Category Archives: #puertovallarta

Puerto Vallarta – Day 8

Nothing monumental today, we made french toast in our room, Sheri had a 2 hour yoga class (which I suppose felt pretty monumental to her, something like 100 sun salutations), I spent the morning at the internet cafe typing my blog, lunch in our room was followed by an afternoon at the pool, we had tacos at Joe Jack’s Fish Shack for dinner, then found an ice cream stand, and now we are laying on the couch getting ready to fall asleep. Oh, by the way, Happy New Year!

Puerto Vallarta – Day 7

In my opinion, today (Wednesday December 31st) was the best day yet.

We started our day having breakfast at LaPalapa … a famous restaurant right on the beach. They have been in business since the 1950’s, and it is especially fun to look at the many then-and-now pictures that they have posted on the walls of the restaurant. The pictures of PV from the 50’s and 60’s show a little tiny village on the beach, several straw hut and cinder block buildings bunched together. I expect you could have had an exquisite meal back then for 10-25 U.S. pennies, but now that dinner at LaPalapa is the most expensive in town — approximately $100 bucks (which is why we opted for breakfast at LaPalapa instead, which was about $30 bucks).

Then we boarded a “water taxi” for a 40 minute ride to Yelapa, a small little village South of VP which is only accessible by boat. The road that travels South out of PV is about 10 miles long, and then it turns Eastward (toward I don’t know where), but Yelapa is West and out on the Southern most tip of the Banderas Bay. Between Yelapa and the point where the road turns Eastward, there is nothing but mountainous jungle (thus there are no roads leading to Yelapa). Speaking of the jungle, the realtor who gave us the tour told us about going on a hike one time in the jungle and seeing a large cat — panther, cougar, or something like that.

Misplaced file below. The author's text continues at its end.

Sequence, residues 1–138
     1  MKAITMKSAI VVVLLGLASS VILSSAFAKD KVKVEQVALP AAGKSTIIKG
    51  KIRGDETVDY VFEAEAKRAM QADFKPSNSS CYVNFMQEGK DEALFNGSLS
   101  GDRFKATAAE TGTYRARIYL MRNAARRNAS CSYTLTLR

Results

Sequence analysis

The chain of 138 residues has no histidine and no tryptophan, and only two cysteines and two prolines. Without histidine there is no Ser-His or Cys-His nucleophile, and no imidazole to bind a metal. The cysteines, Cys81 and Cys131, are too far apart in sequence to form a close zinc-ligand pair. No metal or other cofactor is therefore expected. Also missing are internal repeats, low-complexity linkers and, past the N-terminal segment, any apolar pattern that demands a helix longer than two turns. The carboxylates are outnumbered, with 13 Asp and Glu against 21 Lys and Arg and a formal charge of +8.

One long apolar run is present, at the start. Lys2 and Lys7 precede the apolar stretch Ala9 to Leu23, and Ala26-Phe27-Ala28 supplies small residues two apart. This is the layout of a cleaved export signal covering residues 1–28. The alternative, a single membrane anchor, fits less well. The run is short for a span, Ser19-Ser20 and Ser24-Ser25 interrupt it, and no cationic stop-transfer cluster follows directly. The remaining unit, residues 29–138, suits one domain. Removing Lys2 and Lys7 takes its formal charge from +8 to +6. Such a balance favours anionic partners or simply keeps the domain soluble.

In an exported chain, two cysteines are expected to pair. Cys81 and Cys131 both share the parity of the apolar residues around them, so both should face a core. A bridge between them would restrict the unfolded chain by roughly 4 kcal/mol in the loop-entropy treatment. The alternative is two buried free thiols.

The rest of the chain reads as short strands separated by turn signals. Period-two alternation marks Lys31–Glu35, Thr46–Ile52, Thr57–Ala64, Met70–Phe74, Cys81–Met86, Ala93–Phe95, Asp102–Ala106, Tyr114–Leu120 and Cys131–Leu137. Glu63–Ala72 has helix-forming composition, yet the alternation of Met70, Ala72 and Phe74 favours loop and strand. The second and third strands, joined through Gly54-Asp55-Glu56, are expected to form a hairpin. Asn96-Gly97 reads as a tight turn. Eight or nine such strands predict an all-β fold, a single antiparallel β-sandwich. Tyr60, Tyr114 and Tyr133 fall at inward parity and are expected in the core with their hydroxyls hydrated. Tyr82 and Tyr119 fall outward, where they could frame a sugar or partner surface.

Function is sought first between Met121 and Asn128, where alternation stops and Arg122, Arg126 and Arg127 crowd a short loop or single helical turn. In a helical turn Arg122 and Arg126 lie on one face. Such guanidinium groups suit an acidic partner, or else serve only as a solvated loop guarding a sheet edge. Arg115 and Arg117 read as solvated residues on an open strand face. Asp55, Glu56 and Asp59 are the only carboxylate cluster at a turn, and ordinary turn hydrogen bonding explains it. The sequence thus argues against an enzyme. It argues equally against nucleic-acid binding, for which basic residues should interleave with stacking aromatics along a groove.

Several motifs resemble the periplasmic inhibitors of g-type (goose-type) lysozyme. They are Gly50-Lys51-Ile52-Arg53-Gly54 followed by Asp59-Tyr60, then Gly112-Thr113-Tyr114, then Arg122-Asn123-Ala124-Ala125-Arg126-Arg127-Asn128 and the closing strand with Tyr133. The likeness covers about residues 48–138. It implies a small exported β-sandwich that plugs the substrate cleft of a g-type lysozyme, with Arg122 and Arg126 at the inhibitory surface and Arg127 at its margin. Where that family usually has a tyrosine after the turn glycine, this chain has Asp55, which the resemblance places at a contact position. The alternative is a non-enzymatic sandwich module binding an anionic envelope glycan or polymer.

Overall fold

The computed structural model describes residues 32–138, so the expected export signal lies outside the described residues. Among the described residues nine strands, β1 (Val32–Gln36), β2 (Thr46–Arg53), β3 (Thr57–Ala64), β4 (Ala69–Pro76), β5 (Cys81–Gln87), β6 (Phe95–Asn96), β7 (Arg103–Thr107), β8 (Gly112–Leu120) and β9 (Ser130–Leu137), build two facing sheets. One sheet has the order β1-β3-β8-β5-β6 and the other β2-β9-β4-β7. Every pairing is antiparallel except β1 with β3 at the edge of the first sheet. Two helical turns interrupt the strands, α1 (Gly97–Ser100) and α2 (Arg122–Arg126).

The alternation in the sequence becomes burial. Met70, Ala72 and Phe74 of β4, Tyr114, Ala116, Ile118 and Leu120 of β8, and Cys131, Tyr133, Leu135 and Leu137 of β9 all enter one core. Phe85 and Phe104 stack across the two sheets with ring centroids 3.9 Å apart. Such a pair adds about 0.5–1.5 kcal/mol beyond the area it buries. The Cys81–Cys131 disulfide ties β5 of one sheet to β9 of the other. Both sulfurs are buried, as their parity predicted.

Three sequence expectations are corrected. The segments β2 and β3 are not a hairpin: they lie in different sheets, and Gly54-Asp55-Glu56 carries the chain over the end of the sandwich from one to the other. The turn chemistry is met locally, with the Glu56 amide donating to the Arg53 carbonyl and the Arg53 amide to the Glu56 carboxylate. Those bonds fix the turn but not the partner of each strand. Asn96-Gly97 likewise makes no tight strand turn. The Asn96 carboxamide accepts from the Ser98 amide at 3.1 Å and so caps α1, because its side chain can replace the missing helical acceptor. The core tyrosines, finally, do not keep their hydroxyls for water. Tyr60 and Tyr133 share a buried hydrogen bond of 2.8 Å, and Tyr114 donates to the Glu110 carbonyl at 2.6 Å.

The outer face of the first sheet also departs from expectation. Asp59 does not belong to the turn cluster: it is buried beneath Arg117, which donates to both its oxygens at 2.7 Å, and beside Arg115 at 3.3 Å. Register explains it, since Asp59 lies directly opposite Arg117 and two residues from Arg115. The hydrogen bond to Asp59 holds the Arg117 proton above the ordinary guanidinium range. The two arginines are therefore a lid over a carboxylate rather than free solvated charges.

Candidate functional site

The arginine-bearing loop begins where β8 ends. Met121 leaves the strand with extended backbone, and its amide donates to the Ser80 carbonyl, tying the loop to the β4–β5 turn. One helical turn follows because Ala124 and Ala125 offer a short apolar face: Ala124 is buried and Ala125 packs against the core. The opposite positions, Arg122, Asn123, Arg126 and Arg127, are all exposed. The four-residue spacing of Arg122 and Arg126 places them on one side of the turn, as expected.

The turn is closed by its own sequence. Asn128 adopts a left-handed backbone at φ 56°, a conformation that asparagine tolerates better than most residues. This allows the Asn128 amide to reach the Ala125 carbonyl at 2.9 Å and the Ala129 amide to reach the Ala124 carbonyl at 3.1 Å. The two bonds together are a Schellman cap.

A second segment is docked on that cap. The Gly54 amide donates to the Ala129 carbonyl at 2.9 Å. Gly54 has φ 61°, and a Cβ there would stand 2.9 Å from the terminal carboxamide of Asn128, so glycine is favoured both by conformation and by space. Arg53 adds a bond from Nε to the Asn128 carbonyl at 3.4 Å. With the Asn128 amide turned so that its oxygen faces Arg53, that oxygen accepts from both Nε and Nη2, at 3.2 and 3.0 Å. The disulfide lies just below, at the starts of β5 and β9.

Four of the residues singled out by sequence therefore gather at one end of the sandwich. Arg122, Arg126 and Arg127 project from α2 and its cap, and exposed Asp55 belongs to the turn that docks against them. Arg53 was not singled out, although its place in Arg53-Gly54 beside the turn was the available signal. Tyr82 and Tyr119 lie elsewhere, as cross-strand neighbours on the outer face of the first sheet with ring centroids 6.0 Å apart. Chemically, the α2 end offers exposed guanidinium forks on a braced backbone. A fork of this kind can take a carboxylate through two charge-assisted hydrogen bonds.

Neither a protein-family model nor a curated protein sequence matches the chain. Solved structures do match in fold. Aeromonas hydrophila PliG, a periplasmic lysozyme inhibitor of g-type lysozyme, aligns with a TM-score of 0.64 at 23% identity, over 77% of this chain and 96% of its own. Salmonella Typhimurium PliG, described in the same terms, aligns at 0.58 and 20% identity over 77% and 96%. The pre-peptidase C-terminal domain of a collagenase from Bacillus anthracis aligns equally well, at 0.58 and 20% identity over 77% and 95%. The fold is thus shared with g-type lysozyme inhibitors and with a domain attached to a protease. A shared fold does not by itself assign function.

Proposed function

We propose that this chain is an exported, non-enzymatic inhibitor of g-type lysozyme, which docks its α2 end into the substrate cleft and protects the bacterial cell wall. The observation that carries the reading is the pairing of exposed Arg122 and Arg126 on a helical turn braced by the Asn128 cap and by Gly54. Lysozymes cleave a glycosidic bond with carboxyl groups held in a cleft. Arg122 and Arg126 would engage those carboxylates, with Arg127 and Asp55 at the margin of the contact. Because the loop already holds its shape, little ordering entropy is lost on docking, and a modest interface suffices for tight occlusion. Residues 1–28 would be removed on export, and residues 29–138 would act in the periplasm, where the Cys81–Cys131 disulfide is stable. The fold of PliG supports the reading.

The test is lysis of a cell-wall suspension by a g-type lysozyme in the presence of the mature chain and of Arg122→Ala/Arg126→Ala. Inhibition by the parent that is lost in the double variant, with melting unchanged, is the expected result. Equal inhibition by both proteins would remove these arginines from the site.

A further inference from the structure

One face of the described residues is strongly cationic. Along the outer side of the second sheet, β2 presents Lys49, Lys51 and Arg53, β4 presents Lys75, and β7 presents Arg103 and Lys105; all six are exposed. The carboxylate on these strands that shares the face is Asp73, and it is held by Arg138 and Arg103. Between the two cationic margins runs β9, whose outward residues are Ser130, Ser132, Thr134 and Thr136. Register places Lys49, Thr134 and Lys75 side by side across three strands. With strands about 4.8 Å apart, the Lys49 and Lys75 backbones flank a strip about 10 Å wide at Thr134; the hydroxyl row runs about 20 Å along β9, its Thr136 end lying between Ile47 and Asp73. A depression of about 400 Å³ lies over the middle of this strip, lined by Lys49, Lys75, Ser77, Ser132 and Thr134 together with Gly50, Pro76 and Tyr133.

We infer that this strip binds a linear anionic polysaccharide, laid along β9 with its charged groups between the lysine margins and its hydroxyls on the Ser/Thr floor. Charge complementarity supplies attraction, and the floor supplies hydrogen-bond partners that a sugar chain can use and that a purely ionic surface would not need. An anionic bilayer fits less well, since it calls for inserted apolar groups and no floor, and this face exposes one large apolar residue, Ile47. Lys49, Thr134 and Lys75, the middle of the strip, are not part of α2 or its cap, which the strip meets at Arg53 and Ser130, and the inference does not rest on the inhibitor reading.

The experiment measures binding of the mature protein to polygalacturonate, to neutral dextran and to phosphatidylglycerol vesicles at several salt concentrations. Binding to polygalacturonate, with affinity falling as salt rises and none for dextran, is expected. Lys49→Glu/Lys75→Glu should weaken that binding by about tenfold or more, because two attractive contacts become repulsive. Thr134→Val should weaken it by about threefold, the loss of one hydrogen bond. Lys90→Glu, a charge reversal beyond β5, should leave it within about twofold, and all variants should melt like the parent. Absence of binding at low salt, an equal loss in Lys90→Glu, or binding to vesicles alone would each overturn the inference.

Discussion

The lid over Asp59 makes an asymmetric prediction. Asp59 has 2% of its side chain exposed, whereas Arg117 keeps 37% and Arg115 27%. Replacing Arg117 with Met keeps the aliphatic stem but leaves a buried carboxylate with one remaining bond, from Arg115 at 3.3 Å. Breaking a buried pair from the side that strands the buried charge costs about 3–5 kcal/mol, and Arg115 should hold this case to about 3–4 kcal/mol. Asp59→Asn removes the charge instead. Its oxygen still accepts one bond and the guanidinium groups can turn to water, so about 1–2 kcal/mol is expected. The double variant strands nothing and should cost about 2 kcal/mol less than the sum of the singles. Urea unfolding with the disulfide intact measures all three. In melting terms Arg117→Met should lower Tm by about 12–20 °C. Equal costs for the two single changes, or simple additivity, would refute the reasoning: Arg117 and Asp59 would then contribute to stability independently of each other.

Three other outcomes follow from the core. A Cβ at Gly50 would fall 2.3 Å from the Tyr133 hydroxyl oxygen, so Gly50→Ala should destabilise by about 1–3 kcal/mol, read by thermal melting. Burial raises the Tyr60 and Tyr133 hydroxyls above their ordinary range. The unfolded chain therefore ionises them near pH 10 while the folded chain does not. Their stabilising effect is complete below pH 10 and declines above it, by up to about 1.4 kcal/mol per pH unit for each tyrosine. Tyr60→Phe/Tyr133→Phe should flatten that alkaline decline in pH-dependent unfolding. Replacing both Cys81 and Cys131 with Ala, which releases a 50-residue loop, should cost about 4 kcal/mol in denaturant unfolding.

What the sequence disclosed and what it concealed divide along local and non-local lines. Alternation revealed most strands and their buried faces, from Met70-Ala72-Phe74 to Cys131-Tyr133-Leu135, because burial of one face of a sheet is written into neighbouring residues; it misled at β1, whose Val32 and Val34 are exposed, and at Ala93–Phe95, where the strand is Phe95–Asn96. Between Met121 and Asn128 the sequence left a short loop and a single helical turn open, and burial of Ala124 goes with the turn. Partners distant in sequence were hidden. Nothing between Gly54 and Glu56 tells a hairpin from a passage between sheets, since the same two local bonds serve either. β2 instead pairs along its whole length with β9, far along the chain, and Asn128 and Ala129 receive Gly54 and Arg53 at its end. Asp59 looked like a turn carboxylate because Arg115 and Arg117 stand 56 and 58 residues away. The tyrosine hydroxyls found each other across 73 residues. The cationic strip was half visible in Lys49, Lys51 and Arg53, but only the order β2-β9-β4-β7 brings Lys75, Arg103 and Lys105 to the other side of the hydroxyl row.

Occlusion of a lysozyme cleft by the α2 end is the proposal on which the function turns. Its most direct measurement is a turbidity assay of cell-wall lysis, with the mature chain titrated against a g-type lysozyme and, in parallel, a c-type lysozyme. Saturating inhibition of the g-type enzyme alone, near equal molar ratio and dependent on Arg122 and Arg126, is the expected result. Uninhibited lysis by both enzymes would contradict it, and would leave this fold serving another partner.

Our day in Yelapa was fabulous. We first stopped at the Vortex Cafe for a yogurt smoothie (but also to use the banos), and then we strolled through the network of cobblestone walks that wind up and down through the village. Many residents have stands set up on their doorstep, just hoping that tourists will buy something, anything. Most of the dwellings are ramshackle, with open air windows … the kids run around barefoot, or ride donkeys through the village. Several times we followed paths thinking we might find another vendor around the corner, only to discover that we just walked through someones back porch area, or open air kitchen, or yard. The residents don’t mind, for tourism is probably the livelihood of most everyone in the village.

Then we hiked about 10 minutes to the village waterfall, and our swim in the pool at the base of the waterfall was one of the most glorious moments of my life. I could have stayed there all day, enjoying the cool waters of the pool, sun shining brightly overhead, the water from the falls glistening in the sunlight. My bride and I hugged and shivered as the water from the fall splashed on our heads. I finally had to force myself to get out of the water (long after Sheri got out), more tourists had made their way up the path to the falls, and they too would want to enjoy the pool.